Hong Kong's vanishing mojo
Regina Ip traces the reasons for some Hong Kong people's longing for 'idyllic' colonial times, which have little to do with separatist sentiments but much to do with lost confidence
The 18th Communist Party congress this month had observers around the world parsing the make-up of the Politburo and the speeches of the Chinese leaders for clues to any change in direction for this powerful nation.
In the case of Hong Kong, Beijing's policy on the special administrative region's governance is normally expressed in dull, formulaic statements reiterating that "the central government supports governing Hong Kong in accordance with the Basic Law". Thus, any departure from this standard line, or omission of the pivotal reference to the Basic Law, cannot but trigger speculation that there may be a change in policy.
And this is precisely what happened at the opening of the congress. In his work report, not only did outgoing party chairman Hu Jintao stress "insistence on the 'one country' principle", while respecting the differences between the two systems, the written version of his report also spelled out the importance of "safeguarding the central authority and the high degree of autonomy of the special administrative regions" and "preventing and keeping in check interference in the affairs of Hong Kong and Macau by external forces". The latter two statements were, however, omitted when Hu read out his report.
Was the latest variation in the formulation of the policy on Hong Kong a shot across the bows to warn off the "Hong Kong separatists" who unfurled the colonial Hong Kong flag in recent protest marches, and who yelled "Chinese, go back to China"? Or was it a harbinger of the resurrection of the much dreaded "evil law", namely, the aborted 2003 bill to implement Article 23 of the Basic Law to protect national security, as some local critics suggested? If Article 23 were indeed on the minds of the Chinese leaders as a cure for Hong Kong separatist sentiments, nothing would be more misguided and futile.
The national security bill that the authorities tried to muscle through the legislature in 2003, commonly referred to by the Western media as an "anti-sedition law", was intended to prohibit offences which threaten national security. In fact , seven such offences are listed in Article 23, of which sedition is only one.
The last time the sedition charge was used against those accused of inciting discontent was in 1967, in connection with the Cultural Revolution-inspired riots in Hong Kong. Several pro-China newspapers were charged with arousing the discontent of police officers and violating the Control of Publication Consolidation Ordinance. Sedition or other national security charges are not known to have been laid against any person since then.
Today, the development of the law on sedition in many common law jurisdictions is such that a charge can only be laid if a person is engaged in overt conduct directed at inciting violence against the authorities. Given the tight remit of this and other national security offences in other common law jurisdictions, it is unlikely that any future national security legislation would be of any use in prohibiting anti-China slogans or flags - acts that do not involve incitement of violence.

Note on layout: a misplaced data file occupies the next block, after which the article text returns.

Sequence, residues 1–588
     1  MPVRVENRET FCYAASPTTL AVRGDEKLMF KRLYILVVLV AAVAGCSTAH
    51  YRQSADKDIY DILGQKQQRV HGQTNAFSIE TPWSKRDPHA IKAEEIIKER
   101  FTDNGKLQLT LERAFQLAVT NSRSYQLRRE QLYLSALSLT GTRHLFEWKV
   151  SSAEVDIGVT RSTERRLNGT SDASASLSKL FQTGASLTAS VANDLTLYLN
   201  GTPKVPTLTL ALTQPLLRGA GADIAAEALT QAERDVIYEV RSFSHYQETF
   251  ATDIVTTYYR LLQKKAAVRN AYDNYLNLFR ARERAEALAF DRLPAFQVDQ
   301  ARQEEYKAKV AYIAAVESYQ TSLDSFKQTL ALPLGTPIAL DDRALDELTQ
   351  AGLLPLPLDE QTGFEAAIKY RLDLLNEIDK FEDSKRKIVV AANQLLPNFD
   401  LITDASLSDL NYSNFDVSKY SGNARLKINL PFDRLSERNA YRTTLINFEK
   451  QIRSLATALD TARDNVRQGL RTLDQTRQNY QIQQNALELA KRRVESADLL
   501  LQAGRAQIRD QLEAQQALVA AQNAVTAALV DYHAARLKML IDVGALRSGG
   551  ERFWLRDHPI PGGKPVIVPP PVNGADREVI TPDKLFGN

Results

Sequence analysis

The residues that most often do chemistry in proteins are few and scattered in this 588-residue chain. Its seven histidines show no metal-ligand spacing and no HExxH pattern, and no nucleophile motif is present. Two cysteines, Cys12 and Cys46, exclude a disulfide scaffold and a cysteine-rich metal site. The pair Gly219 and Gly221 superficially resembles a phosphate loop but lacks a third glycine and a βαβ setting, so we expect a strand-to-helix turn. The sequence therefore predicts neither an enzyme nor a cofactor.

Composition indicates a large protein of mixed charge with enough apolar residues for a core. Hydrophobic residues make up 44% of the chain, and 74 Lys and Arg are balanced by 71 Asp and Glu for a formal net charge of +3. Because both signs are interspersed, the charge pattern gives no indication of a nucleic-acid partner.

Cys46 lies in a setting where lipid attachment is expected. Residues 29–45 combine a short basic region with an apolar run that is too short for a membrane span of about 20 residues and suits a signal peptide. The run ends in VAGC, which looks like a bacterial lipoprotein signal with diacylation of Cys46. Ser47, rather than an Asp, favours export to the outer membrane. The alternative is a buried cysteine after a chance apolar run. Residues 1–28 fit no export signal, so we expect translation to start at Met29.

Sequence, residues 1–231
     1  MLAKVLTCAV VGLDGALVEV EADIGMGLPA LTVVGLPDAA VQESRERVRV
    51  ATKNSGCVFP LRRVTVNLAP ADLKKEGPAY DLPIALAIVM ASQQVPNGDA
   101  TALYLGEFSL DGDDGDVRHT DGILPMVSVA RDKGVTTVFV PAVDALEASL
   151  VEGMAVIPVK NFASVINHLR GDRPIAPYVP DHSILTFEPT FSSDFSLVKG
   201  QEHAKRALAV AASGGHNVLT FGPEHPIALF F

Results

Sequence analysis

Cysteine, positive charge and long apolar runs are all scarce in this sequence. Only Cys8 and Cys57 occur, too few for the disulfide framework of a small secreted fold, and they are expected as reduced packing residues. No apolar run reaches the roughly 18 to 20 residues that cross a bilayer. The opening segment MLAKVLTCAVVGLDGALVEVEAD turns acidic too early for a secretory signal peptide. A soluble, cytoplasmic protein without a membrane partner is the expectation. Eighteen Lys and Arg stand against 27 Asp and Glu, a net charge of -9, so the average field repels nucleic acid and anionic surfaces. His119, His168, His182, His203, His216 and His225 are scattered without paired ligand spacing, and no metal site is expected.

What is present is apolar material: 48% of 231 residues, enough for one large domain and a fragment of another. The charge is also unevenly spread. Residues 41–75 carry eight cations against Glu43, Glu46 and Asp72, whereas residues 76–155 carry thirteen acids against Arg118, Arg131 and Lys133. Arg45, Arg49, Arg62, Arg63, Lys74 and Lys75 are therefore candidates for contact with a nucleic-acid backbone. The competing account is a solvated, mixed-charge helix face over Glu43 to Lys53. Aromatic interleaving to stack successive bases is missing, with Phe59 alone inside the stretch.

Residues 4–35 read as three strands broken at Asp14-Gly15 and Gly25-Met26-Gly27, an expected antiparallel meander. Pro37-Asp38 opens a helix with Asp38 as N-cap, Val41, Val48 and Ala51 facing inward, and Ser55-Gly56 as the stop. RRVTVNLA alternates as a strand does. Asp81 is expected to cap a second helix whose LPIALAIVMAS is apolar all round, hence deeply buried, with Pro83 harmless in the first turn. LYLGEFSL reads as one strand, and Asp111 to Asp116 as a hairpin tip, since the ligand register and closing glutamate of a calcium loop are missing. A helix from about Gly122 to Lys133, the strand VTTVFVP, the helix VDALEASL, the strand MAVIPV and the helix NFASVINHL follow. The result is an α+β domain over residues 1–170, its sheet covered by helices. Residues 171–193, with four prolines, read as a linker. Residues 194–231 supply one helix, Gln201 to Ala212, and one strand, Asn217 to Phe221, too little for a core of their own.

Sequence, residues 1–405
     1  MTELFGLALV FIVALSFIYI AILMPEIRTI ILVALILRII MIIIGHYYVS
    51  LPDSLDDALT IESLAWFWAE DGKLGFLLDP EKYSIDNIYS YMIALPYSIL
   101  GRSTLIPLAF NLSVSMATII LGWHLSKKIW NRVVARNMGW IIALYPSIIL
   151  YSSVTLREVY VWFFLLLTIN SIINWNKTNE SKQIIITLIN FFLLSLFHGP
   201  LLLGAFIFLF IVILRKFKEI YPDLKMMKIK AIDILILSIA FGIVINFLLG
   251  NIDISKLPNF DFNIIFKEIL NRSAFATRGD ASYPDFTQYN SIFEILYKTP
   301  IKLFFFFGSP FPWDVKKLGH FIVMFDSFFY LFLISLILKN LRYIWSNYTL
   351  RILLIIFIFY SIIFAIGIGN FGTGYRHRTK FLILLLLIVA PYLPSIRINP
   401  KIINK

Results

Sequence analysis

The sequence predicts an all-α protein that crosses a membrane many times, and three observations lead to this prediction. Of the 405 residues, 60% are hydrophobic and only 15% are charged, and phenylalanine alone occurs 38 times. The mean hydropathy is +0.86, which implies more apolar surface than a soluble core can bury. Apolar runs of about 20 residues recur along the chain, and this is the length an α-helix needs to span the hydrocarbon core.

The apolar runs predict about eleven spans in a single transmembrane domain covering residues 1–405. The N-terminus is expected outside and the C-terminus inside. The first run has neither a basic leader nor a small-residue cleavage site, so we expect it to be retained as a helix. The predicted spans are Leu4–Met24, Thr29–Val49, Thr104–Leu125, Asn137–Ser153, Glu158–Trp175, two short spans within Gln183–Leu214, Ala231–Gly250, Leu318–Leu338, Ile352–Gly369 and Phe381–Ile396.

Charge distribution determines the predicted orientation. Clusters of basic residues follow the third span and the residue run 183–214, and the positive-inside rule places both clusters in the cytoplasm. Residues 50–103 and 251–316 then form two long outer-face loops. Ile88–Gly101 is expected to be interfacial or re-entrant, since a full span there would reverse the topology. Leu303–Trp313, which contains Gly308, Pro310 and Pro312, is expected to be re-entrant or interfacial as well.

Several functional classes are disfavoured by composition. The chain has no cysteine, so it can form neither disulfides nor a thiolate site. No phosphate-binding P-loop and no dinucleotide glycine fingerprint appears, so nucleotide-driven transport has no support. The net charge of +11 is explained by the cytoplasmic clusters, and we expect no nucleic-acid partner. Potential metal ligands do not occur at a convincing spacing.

In the past 15 years, hundreds of million of dollars have been expended on programmes, both in and outside the classroom, to cultivate greater understanding and hopefully greater love of the motherland among Hong Kong youth.
The efforts appear to have backfired, provoking greater antipathy and nostalgia for the colonial era instead.
But despite the "sporadic expression of nostalgic feelings for colonial rule or even slogans like 'we are not Chinese'", it would be "an exaggeration to suggest that there is a rising pro-independence movement in Hong Kong". So said a pro-democracy scholar, Professor Ray Yep Kin-man. Hong Kong people know too well they are part of China, historically, geographically, culturally and constitutionally. Whether during or after the colonial era, Hong Kong has depended on China for its water and daily beef, among other necessities.
Hong Kong people are too pragmatic to be serious about pursuing "independence". But try asking them a question similar to that asked by former US president Ronald Reagan at the conclusion of the presidential debate between him and Jimmy Carter in 1980: "Ask yourself, are you better off now than you were 15 years ago? Is it easier for you to go and buy things in the stores than it was 15 years ago? Is there more or less unemployment in the city than there was 15 years ago?" No doubt many would give the same answer as the American public did - "No, we don't feel better off now."
Not only do we not feel better off in material terms, there is also a feeling that Hong Kong is less respected within the nation and in the region. Hong Kong's pre-eminence, except in the area of finance, has been overshadowed by the rise of scores of gleaming cities on China's coast. There is much less to be proud of, or look forward to, and less cause for respect. This feeling is strongest among our young people. Hence the nostalgia for the seemingly idyllic colonial past.
There is no way the authorities can instil greater identification with the nation unless they can fix this sense of faded glory and give our people a new sense of purpose, hope and confidence in ourselves.
Regina Ip Lau Suk-yee is a legislator and chair of the New People's Party